Lucknow, located on the banks of the Gomti River, is the capital city of Uttar Pradesh and a metropolitan city in the country. A city steeped in culture, Lucknow has always been in the forefront of north Indian cultural and artistic movements. The capital of the Awadh Nawabs in the 18th and 19th centuries, Lucknow retains its importance in the fields of governance, education and arts even today. It is now a leader in other fields like commerce, aerospace, technology, and tourism. Although Hindi is its main language, Urdu continues to be spoken widely.
Lucknow City has a number of railway stations such as Lucknow Charbagh Railway Station, Lucknow Junction Railway Station, Aishbagh, Lucknow City, Daliganj, Badshahnagar, Gomtinagar, Manaknagar, Malhour, Jugaur, Amausi, Alamnagar, Kakori, Malihabad, Mohibullapur, and Utretia. Extensive bus services and other public road transport connect all the stations with each other.
But Lucknow Charbagh Railway Station and Lucknow Junction Railway Station are two main railway stations:
The Lucknow Charbagh Railway Station : This station is also called Lucknow NR and its station code is LKO. The name comes from the Charbagh area in the southern part of the city, where it is located as the area earlier had four gardens. Lucknow is well-connected with important cities across the country through one of its two main stations.
Lucknow Charbagh Railway Station (LKO) has been constructed on a raised plinth and has several towers and circular Awadh-type domes. As many as 114 pairs of trains of the Northern Railway terminate or originate here. It is also the focal point of the Lucknow-Kanpur Suburban Railway system.
The construction of the Charbagh railway station began in 1914 and was completed in 1923. The lovely building looks like a palace with a large garden in front. Its architecture is a blend of Rajput, Awadhi and Mughal styles. It is a unique building and is said that the aerial view of the Charbagh station looks like a chess board. The building’s domes and pillars seem to be the chess pieces. It is rated among the most beautiful stations in the country.
Charbagh Station is an architectural masterpiece and is one of the attractions of Lucknow. Tourists are greatly impressed as soon as they arrive. Designed by J.H. Hornimen, it cost Rs.70 lakh in those times.
The 47-mile Lucknow-Kanpur railway line became operational in 1867. It then was a part of the Oudh Rohilkhand Railway. The Lucknow division was under East Indian Railway till 1952. Before 1867, there was a large orchard on the land on which the Charbagh Railway Station stands. The impressive present building was built in 1926.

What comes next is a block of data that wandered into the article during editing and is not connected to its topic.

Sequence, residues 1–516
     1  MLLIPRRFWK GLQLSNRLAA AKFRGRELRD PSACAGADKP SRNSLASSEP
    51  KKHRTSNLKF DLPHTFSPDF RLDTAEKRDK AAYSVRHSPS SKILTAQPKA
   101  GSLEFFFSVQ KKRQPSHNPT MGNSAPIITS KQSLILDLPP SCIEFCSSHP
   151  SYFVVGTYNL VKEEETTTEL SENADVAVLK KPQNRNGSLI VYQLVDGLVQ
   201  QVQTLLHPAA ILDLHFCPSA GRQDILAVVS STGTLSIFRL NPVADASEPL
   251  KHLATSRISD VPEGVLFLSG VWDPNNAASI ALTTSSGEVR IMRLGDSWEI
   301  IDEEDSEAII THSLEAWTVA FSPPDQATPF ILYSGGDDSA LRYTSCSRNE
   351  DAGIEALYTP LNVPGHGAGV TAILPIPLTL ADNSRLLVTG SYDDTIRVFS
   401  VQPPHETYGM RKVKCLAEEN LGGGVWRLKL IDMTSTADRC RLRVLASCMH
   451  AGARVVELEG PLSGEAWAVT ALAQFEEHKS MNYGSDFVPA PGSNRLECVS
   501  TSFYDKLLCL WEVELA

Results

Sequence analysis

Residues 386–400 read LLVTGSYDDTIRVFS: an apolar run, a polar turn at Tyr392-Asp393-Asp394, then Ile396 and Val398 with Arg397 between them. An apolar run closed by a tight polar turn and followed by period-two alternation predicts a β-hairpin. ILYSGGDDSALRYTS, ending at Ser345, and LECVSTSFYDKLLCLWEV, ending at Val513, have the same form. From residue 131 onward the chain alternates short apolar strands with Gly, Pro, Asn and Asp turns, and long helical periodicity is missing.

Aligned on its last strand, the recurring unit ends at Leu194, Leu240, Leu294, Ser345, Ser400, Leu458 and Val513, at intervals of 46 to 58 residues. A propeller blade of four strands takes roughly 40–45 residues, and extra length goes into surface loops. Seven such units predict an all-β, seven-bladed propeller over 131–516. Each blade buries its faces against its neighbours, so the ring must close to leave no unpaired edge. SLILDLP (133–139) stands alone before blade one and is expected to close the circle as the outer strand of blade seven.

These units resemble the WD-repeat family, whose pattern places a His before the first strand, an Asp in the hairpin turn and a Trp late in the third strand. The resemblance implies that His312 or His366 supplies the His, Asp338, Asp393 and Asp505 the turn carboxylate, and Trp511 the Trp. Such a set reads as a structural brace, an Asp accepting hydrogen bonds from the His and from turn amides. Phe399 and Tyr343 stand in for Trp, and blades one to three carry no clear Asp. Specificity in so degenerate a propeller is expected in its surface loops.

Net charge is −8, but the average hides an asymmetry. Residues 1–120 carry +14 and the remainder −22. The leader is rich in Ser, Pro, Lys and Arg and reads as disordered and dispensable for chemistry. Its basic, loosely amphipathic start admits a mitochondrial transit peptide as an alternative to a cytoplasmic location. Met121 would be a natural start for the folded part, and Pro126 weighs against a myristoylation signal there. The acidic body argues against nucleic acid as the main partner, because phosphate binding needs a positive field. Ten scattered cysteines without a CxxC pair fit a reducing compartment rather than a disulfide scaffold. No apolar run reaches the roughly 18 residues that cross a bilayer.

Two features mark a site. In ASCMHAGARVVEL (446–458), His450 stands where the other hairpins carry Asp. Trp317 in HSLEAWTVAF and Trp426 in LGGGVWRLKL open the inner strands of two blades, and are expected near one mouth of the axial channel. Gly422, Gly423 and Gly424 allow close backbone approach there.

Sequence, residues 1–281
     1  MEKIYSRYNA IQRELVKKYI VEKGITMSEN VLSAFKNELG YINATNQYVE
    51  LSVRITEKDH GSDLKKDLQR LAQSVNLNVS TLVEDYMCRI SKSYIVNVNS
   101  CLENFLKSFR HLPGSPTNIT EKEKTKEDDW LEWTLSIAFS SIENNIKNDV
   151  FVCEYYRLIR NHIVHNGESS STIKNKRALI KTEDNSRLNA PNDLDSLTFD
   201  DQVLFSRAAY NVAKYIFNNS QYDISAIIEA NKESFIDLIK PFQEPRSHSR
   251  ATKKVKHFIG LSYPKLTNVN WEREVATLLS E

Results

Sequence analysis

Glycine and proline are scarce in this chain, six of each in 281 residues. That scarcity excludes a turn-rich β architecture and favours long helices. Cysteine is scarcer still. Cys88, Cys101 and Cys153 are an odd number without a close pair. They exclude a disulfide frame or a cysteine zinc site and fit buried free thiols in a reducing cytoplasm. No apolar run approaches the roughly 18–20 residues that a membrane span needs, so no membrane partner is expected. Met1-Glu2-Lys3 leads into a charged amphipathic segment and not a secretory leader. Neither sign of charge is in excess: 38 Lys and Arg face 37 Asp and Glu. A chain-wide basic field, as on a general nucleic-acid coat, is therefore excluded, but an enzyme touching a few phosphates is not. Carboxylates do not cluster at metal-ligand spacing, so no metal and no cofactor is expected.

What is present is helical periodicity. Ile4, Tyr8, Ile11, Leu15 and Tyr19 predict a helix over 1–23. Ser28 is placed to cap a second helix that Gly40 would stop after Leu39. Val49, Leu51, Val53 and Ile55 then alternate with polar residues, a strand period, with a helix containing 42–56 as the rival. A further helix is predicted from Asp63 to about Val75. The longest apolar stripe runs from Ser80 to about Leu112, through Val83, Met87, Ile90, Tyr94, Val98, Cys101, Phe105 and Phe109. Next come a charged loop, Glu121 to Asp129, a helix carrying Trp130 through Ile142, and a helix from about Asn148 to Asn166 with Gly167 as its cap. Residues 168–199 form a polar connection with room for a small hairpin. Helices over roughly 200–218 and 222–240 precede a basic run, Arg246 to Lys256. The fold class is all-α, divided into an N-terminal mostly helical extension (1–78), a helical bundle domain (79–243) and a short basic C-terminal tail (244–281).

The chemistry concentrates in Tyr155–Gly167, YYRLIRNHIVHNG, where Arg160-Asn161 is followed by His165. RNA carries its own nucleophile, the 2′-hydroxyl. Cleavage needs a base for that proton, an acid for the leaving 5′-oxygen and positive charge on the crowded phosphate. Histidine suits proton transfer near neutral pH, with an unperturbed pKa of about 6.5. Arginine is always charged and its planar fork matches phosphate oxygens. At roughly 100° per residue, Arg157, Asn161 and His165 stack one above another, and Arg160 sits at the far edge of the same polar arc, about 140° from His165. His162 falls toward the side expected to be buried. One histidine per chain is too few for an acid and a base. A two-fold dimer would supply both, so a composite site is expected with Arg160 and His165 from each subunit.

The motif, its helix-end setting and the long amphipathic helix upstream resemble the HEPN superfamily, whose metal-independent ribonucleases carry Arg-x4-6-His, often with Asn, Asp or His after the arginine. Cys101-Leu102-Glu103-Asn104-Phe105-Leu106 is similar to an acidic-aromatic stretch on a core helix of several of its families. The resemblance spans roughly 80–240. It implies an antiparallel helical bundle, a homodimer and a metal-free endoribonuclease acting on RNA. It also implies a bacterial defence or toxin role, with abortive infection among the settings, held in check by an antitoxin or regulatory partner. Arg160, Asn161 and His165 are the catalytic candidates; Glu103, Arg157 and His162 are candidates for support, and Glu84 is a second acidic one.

Lucknow Junction Railway Station : Lucknow Junction Railway Station, also known as NER with station code LIN, has six platforms. Two-wheelers, auto-rickshaws and cars can reach its platform No.6 by a cabway underpass. This is the third such cabway after Howrah and Gorakhpur railway stations.
The facilities available at Lucknow NR include waiting rooms, baggage room, dormitories or retiring rooms, refreshments and ATM. Counters and water coolers make pure drinking water available.
The Lucknow Junction NER is almost a continuation of the Charbagh station. People often think of it as an extension of the Charbagh railway station. People continue to call it the “Chhoti Line” as earlier it was the station for NE Railway’s meter gauge trains. Now in the Lucknow division of North Eastern Railway, it is the terminus for broad gauge trains of North Eastern Railway. The trains arriving here have to reverse the direction to leave the station even if the train is going beyond Lucknow. The Lucknow Junction NER station has a separate building made of red sandstone and has its own distinct identity.
As many as 22 pairs of express or mail trains, and 5 pairs of passenger trains start from, terminate at or pass through the LJN station every day, but none of these trains is a Rajdhani or Shatabadi.
Lucknow Junction NER was the meter gauge trains terminus for almost all tracks of North Eastern Railway zone earlier. After conversion to broad gauge, the Lucknow junction has no meter gauge tracks. Lucknow Aishbagh Junction is now the terminus for the remaining meter gauge trains services. The Aishbagh junction has broad gauge tracks too.
The work on the two-stage, Rs12500-crore Lucknow Metro is scheduled to start soon. The first phase is expected to be completed by 2016–17.